It has long been known that superannuation funds need to find ways to better engage their members, particularly younger members for whom retirement is not typically part of their everyday thinking.
One strategy involves making the idea of retirement more tangible so that it is more relevant, compelling and top of mind for members. If a 25 year old member understands that contributing an extra $20 into their super fund each week can result in hundreds of thousands of dollars by age 65, they are likely to have a better appreciation of the important role super plays in making sure they can actually afford to live the life they aspire to in retirement.
To this end, some super funds have been building robust digital engagement strategies to foster greater intimacy with their members. There is a great deal of interesting and relevant content that helps inform and engage an otherwise disengaged audience across the different digital channels of websites, social media and apps.
However, there is still a considerable amount of work to do in engaging members. CoreData’s recent Member Engagement Report found that more than two in five (43.7%) super fund members are disengaged or highly disengaged with their fund. This proportion is higher among Generation Y (52.5%).
The increasing focus on digital intimacy in the next few years means technology will need to move far higher up the agenda of super fund boards. The amount of data will continue to grow, as will the rate at which super funds share data through online networks.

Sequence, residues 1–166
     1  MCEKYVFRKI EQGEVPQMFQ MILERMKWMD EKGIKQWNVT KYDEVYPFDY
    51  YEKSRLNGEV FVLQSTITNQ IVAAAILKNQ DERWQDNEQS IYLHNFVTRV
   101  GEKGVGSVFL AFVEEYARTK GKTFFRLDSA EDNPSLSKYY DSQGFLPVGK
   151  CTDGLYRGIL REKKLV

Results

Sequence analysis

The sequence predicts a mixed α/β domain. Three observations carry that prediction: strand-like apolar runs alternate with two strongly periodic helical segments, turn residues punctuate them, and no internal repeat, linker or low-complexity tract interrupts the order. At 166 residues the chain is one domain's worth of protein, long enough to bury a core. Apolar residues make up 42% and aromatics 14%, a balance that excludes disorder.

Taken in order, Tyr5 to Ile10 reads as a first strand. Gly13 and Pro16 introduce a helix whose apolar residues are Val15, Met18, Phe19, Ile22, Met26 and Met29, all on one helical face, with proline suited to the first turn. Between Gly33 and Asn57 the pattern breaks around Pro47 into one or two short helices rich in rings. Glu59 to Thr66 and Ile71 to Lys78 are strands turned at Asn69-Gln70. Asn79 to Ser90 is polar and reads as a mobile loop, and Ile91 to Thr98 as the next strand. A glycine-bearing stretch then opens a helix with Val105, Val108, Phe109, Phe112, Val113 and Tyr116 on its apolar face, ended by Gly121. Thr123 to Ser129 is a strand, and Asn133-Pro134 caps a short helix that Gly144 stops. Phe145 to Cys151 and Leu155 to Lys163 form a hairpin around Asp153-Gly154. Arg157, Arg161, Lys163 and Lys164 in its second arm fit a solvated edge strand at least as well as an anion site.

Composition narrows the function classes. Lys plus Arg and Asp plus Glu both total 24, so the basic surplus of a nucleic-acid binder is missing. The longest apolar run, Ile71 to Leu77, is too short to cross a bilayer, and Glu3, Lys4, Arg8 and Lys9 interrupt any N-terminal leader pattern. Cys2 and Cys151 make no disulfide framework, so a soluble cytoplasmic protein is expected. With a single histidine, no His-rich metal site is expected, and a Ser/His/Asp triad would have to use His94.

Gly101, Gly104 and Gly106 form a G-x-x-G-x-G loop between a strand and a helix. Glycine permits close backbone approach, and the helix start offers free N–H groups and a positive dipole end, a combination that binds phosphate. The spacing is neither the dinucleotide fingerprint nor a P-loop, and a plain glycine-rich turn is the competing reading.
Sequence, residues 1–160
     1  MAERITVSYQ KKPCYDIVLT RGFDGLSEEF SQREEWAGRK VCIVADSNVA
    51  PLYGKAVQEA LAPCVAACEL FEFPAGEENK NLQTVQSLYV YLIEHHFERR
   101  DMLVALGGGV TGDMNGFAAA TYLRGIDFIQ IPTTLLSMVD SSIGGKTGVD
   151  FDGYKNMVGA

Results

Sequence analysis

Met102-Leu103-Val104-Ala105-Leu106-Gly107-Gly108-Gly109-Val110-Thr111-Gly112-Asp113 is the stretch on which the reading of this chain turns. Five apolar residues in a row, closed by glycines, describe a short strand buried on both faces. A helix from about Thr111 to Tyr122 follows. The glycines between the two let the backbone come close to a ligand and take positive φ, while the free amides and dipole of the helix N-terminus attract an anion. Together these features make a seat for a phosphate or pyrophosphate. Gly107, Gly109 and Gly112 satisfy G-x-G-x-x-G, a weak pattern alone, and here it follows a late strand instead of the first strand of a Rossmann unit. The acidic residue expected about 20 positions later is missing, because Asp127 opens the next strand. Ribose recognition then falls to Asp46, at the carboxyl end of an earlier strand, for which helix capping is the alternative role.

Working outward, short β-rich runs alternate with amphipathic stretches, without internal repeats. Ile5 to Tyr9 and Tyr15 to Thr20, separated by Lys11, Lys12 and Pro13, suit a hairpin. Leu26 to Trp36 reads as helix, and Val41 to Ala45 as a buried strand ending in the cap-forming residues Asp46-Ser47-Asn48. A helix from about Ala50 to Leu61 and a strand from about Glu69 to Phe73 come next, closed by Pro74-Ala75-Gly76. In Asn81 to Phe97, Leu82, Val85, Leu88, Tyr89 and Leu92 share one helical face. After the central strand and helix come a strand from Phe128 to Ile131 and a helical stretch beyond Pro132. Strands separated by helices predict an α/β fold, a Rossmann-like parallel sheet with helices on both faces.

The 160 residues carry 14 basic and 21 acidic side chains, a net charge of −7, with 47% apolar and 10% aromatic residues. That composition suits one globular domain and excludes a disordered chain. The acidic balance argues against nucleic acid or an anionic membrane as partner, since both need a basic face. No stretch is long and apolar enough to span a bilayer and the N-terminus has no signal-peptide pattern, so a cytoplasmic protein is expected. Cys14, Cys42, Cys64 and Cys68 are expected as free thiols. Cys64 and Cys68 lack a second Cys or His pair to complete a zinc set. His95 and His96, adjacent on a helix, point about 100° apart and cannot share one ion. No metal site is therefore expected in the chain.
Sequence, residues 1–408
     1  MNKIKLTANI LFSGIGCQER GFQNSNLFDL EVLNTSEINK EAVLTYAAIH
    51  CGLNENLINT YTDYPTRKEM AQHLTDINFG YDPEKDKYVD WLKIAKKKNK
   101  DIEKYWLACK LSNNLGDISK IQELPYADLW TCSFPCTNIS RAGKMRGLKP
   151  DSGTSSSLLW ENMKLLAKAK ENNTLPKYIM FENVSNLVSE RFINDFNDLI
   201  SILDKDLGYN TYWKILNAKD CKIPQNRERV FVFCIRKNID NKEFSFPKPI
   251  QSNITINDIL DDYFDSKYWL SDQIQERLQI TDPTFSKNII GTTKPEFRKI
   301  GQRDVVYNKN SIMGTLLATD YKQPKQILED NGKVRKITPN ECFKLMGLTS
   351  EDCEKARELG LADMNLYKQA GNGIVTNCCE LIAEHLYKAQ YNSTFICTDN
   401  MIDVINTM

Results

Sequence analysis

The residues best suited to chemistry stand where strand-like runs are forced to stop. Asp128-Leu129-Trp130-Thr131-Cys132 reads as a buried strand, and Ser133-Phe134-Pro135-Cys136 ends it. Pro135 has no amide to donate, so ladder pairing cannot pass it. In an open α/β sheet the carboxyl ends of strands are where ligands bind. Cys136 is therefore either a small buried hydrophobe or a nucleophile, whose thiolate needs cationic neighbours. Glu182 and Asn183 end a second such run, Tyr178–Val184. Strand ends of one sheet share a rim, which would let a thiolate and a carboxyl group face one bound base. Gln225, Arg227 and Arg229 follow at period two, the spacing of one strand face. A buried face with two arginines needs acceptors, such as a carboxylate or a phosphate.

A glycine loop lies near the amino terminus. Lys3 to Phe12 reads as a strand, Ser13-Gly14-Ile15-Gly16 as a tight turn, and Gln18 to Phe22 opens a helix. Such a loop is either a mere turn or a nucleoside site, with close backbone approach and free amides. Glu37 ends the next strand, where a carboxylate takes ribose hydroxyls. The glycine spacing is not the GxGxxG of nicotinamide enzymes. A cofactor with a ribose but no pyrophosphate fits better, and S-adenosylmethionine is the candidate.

Unfortunately, however, this change also brings about an increased threat of a cyber-attack. In its ‘2015 Threat Report’, the Federal Government’s Australian Cyber Security Centre noted that “the number, type and sophistication of cyber security threats to Australia and Australians are increasing … Organisations could be a target for malicious activities even if they do not think the information held on their networks is valuable, or that their business would be of interest to cyber adversaries.”
It is estimated that the cost of cyber-crime in Australia is around $1 billion annually – however the Government admits this is likely underestimating the true cost, as it does not include the cost to business or Government.
Reinforcing the significance of this threat, CoreData’s recent Digital Intimacy Research found three quarters (75.2%) of Australians prioritise the security and privacy of their data over the convenience of interacting through digital channels.
In short, cyber-attacks represent a significant threat to the superannuation industry. While super funds need to continue building their digital engagement strategies, appropriate systems and processes need to be in place to manage the risks and respond in the case of a cyber-attack.
Otherwise, funds could quickly lose the trust of their members and undo all the good work that has been done in the past five years in building intimacy via digital engagement.